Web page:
Discussion:
LEA-6T TCXO measurements
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Gabs Ricalde
2018-04-26 00:56:07 UTC
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The NAV-TIMEUTC message of the u-blox LEA-6T has a fractional seconds
field, which is the receiver clock offset estimate and can be used to
measure the internal TCXO. Attached are the ADEV and frequency
difference plots (blue traces). For comparison, I also have PPS logs
from a TL-WR703N NTP server (pink traces) with ntpd stopped.

I'm wondering why the LEA-6T has that kind of frequency jumps.
Bob kb8tq
2018-04-26 12:36:42 UTC
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Hi

What you are looking at appear to be sawtooth jumps. Simply put, the module is
looking at the closest edge on the TCXO to do it’s timing. When the device drifts,
it can “slip” to another cycle. If you watch the PPS out, there are also artifacts that
result from this process operating in a non-ideal fashion. Lots of details on that in
the archives.

Bob
Post by Gabs Ricalde
The NAV-TIMEUTC message of the u-blox LEA-6T has a fractional seconds
field, which is the receiver clock offset estimate and can be used to
measure the internal TCXO. Attached are the ADEV and frequency
difference plots (blue traces). For comparison, I also have PPS logs
from a TL-WR703N NTP server (pink traces) with ntpd stopped.
I'm wondering why the LEA-6T has that kind of frequency jumps.
<ADEV.png><freq.png>_______________________________________________
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Gabs Ricalde
2018-05-04 09:18:55 UTC
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Post by Bob kb8tq
Hi
What you are looking at appear to be sawtooth jumps. Simply put, the module is
looking at the closest edge on the TCXO to do it’s timing. When the device drifts,
it can “slip” to another cycle. If you watch the PPS out, there are also artifacts that
result from this process operating in a non-ideal fashion. Lots of details on that in
the archives.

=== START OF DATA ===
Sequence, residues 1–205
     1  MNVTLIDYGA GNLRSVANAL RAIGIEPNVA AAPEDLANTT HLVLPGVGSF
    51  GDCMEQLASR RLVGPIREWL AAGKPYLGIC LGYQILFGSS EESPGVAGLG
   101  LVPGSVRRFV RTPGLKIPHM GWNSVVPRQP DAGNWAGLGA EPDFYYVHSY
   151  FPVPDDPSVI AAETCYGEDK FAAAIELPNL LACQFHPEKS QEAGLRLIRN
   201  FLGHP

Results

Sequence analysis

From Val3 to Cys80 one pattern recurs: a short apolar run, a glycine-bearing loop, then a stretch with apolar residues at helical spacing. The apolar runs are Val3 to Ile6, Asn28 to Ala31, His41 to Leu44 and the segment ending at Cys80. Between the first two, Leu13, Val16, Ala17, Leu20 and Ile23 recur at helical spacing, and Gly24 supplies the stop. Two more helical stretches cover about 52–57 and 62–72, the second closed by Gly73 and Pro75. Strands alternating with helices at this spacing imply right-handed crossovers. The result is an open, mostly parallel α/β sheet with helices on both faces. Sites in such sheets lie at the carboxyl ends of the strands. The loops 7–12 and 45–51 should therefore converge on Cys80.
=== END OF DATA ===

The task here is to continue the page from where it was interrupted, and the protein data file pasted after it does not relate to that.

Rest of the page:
Hi Bob,

The raw data has a sawtooth pattern due to millisecond clock jumps
[1], but TimeLab unwraps it and they happen more frequently than the
frequency jumps.
I redid the the experiment using the same receiver (pink trace) and
another LEA-6T (green trace), there were no frequency jumps. SBAS was
enabled in the old measurements (blue trace). I'm not sure if that
explains it, but the manual does not recommend SBAS for timing.


[1] "GNSS Receiver Clocks" http://www.insidegnss.com/node/2512
Bob kb8tq
2018-05-04 12:56:16 UTC
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Hi

Two different meanings of the term sawtooth.

The first plot shows a very normal phase rollover process. That (when incorrectly
unwound) can create errors. In some cases those sorts of errors are inevitable and
it is always wise to see if data “noise” occurs right at a wrap around point.

The other meaning of sawtooth in the case of GPS is rooted in the same process.
The GPS time solution and local time have a pattern very much like the first plot.
As long as it is running as shown in the first plot, it averages out (provided there is
averaging). The problem comes in when the plot does *not* look like the first graph.
If the TCXO comes to a flat spot on it’s compensation curve, it can “hang out” to one
side of the error band. Instead of a sawtooth you get a curve. That process of staying
to one side of the error band does not average out and you get a bump in the time
record.

If you dig into the archives, there are lots of plots showing typical data.

Bob
Post by Gabs Ricalde
Post by Bob kb8tq
Hi
What you are looking at appear to be sawtooth jumps. Simply put, the module is
looking at the closest edge on the TCXO to do it’s timing. When the device drifts,
it can “slip” to another cycle. If you watch the PPS out, there are also artifacts that
result from this process operating in a non-ideal fashion. Lots of details on that in
the archives.
Hi Bob,
The raw data has a sawtooth pattern due to millisecond clock jumps
[1], but TimeLab unwraps it and they happen more frequently than the
frequency jumps.
I redid the the experiment using the same receiver (pink trace) and
another LEA-6T (green trace), there were no frequency jumps. SBAS was
enabled in the old measurements (blue trace). I'm not sure if that
explains it, but the manual does not recommend SBAS for timing.
[1] "GNSS Receiver Clocks" http://www.insidegnss.com/node/2512
<phase diff.png><freq2.png>_______________________________________________
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